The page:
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“A Set of Mere Money-Getters”?
Were the great business tycoons of the nineteenth century only that? A distinguished historian says no—most emphatically
June 1963 | Volume 14, Issue 4
Let history take Charles Francis Adams’ statement about the tycoons, their “low instincts,” lack of “humor, thought, or refinement,” and “essentially unattractive and uninteresting” personalities, fold it in an expired bond of the Union Pacific with a sprig of withered rosemary on top, and bury it—where? Under Asa Packer’s Lehigh University, or John D. Rockefeller’s University of Chicago, or Henry Folger’s Shakespeare Library; anywhere, just so history buries it! The question is not why Adams made these assertions, for he liked in his atrabilious way to flutter the dovecotes. The real puzzle is why so many people, including economists, political scientists, and historians, have accepted and repeated the assertions, converting them into a stereotype. Yet it is perhaps not a puzzle after all. Part of the acceptance has been grounded upon ignorance of the real nature of industrialism in this country, its demands upon ability and character, and its achievements. Altogether too little sound industrial history has been written in readable terms. Then, too, many people are consciously or subconsciously envious of the rich man, and prone to discharge that envy in an attitude of intellectual superiority. They say, quite correctly, that American society is too materialistic, and are hence ready, quite incorrectly, to believe most rich men crassly ignoble. Finally, of course, stereotypes are restful; they save everybody the pain of thinking.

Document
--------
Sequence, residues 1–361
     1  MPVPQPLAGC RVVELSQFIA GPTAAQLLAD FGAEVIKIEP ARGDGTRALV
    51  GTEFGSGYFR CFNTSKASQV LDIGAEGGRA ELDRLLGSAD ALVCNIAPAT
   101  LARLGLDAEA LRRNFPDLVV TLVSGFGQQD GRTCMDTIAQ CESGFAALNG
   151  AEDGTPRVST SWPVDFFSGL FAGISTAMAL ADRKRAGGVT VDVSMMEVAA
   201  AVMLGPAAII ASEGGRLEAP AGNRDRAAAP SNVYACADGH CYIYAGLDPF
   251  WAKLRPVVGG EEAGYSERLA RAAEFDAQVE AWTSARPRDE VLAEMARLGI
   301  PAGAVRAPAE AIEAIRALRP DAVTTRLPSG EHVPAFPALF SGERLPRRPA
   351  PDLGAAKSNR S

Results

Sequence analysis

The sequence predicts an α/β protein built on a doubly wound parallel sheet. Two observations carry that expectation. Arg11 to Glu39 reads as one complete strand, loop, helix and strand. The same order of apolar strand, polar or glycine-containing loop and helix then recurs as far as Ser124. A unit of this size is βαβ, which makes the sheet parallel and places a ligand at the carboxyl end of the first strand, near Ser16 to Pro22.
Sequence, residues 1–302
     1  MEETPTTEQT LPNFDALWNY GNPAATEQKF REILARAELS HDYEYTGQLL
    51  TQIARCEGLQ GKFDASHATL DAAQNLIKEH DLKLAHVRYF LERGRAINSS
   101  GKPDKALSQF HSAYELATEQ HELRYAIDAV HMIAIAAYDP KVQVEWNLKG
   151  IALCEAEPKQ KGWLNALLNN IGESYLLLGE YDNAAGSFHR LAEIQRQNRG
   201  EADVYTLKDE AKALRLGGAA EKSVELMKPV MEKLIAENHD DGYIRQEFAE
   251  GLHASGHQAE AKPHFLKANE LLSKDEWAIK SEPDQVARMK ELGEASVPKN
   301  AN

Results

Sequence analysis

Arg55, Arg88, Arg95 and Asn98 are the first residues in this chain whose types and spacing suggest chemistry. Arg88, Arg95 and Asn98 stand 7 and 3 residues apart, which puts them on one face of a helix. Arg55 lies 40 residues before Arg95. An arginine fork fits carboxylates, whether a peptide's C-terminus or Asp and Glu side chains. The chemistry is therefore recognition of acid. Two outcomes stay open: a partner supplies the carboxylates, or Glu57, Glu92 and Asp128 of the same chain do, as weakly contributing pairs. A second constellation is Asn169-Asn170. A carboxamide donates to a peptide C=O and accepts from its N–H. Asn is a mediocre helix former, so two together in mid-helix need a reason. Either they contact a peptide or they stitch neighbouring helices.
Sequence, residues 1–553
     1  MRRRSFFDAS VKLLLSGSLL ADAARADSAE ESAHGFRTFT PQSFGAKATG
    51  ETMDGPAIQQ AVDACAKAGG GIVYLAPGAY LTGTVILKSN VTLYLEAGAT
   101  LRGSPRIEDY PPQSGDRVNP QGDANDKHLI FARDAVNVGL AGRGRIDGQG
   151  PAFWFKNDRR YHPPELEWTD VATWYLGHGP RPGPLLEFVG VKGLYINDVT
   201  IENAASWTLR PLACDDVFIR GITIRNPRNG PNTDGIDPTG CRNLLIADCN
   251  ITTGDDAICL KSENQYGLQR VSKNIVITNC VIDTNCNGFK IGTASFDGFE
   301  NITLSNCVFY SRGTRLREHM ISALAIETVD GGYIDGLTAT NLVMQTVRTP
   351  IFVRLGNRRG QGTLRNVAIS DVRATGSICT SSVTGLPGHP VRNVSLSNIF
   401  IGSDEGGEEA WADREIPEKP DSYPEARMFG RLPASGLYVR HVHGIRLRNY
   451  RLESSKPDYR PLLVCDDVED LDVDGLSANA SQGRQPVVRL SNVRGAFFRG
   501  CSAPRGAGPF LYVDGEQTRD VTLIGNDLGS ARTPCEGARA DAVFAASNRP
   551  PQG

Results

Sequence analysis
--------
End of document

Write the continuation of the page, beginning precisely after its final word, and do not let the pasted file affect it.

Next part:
One final observation may have special pertinence. The major industrialists and financiers of the country have sometimes, especially in recent years, played a special role in the shaping of opinion. Far from being mere money-grubbers, they have more and more often been men of large outlook, who profited from their familiarity with the complex forces controlling production, transportation, and investment.
Not only has immersion in large domestic affairs made their judgments and influence valuable, but they have often possessed an international experience that men of lesser range have lacked. Walter Lippmann recently remarked, “For a long time, for most of this century, there has been a large divergence inside the business world and inside the Republican party on questions of provincialism and parochialism as against nationalism and internationalism”; and he added that internationalism is championed by “the bigger industrialists and bankers in the big cities, the businessmen who have had a wider experience at home and abroad.” To some extent this was true of the greater industrialists and financiers of the nineteenth century as well. The issues did not present themselves in the shape they later assumed, but these men tended to bring a world vision into the restricted American sphere. Andrew Carnegie, who endowed the Hague World Court and a foundation for international peace, was an internationalist; so was John D. Rockefeller, whose business was world-wide, who built the New Bodleian Library and restored Rheims Cathedral, and one of whose foundations stamped out yellow fever around the globe; so was J. P. Morgan, who took risks as the Anglo-French financier in the First World War that he would not have taken had he not felt the deepest affection for England and France; and so was Henry Ford, who established manufacturing plants of huge magnitude in Windsor, Ontario, and Dagenham, England, and lesser factories in France and Germany. This aspect of the minds of our “big” industrialists ought not to be overlooked. Many of them saw further in advance of their time than Charles Francis Adams, Jr., did, or than their other critics ever peered.